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Judt treats the entire continent as a whole, providing equal coverage of social changes, economic forces, and cultural shifts in western and eastern Europe. He offers a county-by-county analysis of how each Eastern nation shed Communism and traces the rise of the European Union, looking at what it represents both economically and ideologically. Along with the dealings between European nations, he also covers Europe's conflicted relationship with the United States, which learned much different lessons from World War II than did Europe. In particular, he studies the success of the Marshall Plan and the way the West both appreciated and resented the help, for acceptance of it reminded them of their diminished place in the world. No impartial observer, Judt offers his judgments and opinions throughout the book in an attempt to instruct as well as inform. If a moral lesson is to come from World War II, Judt writes, "then it will have to be taught afresh with each passing generation. 'European Union' may be an answer to history, but it can never be a substitute." This book would be an excellent place to start that lesson. --Shawn Carkonen --This text refers to an out of print or unavailable edition of this title.
"Postwar - A history of Europe since 1945" by Tony Judt is the best book I have read on the subject.
The economic interdependence of the European states does seem to make war completely obsolete, so that has been a great success story.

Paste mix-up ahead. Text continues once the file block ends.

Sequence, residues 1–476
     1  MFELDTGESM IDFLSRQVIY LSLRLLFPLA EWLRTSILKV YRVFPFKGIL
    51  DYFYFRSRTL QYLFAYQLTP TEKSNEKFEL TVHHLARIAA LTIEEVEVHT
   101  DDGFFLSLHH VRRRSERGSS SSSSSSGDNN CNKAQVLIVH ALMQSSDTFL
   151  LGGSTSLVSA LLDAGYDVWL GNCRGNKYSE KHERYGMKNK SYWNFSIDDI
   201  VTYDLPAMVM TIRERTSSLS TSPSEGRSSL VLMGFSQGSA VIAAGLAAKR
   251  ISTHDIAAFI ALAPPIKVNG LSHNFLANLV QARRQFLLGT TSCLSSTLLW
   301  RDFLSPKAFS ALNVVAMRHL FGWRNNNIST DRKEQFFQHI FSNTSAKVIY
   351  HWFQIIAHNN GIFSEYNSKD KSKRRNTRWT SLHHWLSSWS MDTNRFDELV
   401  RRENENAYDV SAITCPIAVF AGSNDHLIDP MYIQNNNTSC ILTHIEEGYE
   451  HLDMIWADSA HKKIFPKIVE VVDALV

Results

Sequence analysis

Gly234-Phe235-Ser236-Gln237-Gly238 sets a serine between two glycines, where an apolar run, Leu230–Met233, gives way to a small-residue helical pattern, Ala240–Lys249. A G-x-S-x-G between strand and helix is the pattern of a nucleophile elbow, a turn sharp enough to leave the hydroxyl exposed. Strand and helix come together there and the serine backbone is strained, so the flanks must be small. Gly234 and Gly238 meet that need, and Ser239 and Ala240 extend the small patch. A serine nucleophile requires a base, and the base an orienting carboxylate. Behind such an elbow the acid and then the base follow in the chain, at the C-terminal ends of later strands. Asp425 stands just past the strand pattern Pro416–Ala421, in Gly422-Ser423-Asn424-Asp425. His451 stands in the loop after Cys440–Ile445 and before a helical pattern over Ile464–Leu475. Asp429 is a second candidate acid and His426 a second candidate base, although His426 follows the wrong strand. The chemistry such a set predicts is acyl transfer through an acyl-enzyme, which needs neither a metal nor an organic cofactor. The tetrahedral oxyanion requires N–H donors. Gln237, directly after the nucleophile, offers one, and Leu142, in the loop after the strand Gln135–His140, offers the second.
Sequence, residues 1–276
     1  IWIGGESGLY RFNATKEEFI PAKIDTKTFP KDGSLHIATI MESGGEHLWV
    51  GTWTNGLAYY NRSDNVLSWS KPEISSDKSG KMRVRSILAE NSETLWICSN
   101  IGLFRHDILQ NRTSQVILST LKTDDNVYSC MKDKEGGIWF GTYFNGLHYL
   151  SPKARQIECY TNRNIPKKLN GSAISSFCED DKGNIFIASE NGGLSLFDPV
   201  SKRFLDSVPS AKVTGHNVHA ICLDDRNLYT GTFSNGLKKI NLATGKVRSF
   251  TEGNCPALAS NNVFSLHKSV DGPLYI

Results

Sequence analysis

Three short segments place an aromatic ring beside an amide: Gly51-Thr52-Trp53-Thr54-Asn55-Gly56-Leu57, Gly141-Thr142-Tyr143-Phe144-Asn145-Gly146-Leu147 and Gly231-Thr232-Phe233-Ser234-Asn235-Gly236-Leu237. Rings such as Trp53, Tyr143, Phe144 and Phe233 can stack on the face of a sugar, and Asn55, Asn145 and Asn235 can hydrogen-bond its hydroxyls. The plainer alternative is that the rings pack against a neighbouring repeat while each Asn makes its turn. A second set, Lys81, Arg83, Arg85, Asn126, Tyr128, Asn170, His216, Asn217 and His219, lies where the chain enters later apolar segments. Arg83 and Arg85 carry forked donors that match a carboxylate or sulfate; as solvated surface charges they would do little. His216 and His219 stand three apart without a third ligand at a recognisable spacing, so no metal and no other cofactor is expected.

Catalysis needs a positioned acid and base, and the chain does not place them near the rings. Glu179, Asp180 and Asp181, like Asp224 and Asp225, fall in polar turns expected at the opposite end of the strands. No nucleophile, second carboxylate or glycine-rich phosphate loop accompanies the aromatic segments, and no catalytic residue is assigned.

While this political story is the armature of the book, Judt does an excellent job of outlining the relevant social history.
This sets the standards for understanding the 50 years post-war. Every dimension from resettlement to east v. Read morePublished 13 days ago by ed oneil
Superbly researched, but a somewhat tedious read in spite (or because ??) of that!Published 1 month ago by Mrs Ann M Hughes
I found the book a little dry, with a lot of data. Otherwise, it is quite interesting.Published 1 month ago by peteri
Postwar was one of the most informative and powerful books I have ever read. I am 80 years old and live thru the period of the war and obviously the postwar period. Read morePublished 2 months ago by Robert M. Swenson
Page 26 of the book, and the paragraph begins, "History has exacted no such retribution. Indeed, the 13 million expellees were settled and integrated into West German society... Read morePublished 3 months ago by roger a rabbit